First, there is no acceptance with God for a sinner, without a sacrifice. Without a bloody sacrifice. The so-called bloodless sacrifice of the popish mass, is an infamous delusion and deception. It is blood which makes atonement for the soul. And yet the blood of lambs, bulls, or goats, will not do it. No, it must be better blood. The blood of Jesus Christ alone, God's own dear Son will cleanse us from all sin. But nothing else will, nothing else can. His blood is called "precious blood," there is infinite value and eternal efficacy in it. It is precious in the sight of God, precious to the anxious sinner, and precious to the happy believer.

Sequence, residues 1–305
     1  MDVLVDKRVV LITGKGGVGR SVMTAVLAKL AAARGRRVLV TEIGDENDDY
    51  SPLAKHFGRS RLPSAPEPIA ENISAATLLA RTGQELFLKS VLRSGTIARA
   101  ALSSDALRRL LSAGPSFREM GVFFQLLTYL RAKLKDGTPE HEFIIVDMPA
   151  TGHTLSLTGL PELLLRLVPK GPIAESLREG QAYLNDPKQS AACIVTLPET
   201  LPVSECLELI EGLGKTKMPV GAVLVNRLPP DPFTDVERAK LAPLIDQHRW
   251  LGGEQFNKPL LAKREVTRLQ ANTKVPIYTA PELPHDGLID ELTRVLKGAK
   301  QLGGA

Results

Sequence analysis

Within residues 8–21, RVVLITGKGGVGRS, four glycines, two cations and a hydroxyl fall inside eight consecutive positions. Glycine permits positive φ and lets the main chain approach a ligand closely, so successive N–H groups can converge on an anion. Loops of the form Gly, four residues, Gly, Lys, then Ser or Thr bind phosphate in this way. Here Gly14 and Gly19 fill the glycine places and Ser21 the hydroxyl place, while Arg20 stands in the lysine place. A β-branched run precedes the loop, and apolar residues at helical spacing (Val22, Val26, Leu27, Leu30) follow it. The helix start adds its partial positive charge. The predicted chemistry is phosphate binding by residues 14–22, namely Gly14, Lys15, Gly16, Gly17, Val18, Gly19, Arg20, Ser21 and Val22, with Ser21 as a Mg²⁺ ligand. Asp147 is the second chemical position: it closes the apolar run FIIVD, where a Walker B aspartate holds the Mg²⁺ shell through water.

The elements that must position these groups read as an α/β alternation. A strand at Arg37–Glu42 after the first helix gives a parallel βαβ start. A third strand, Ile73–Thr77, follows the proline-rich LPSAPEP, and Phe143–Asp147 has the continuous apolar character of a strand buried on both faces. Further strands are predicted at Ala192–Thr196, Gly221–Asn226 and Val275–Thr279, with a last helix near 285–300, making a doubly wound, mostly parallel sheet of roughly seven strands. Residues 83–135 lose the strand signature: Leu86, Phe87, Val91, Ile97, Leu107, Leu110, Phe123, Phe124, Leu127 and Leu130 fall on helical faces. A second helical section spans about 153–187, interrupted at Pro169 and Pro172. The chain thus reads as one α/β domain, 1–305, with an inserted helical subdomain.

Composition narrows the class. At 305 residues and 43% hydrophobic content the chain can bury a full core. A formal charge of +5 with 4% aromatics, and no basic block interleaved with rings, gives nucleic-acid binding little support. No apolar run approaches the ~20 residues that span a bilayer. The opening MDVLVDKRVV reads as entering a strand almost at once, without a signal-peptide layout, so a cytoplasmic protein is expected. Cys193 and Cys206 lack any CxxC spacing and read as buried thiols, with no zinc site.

Secondly, There is no acceptance for a sinner, through the sacrifice of Christ, without faith. Not that faith gives virtue or efficacy to the blood of Jesus. No, no! Faith adds nothing to the blood of the Lamb. But faith looks at it, admires it, places confidence in it, renounces everything besides, brings it before God, and pleads it in order to obtain mercy and find grace to help in time of need. Reader, the blood of Jesus will do you no good, if you have no personal dealings with it. You must view it as the price paid for the sinner's release, the satisfaction rendered to divine justice, an act of high honor rendered to the righteous government of the Most High God, and the only medium through which pardon, peace, reconciliation, and acceptance, can be enjoyed. You must have "faith in his blood," or you can never be pardoned, justified, sanctified, and made fit for Heaven. If Abel had not exercised faith in the blood of Christ, as the Lamb slain from the foundation of the world, he would have been rejected just the same as Cain was; and if you attempt to approach God in any other way, you will be rejected too.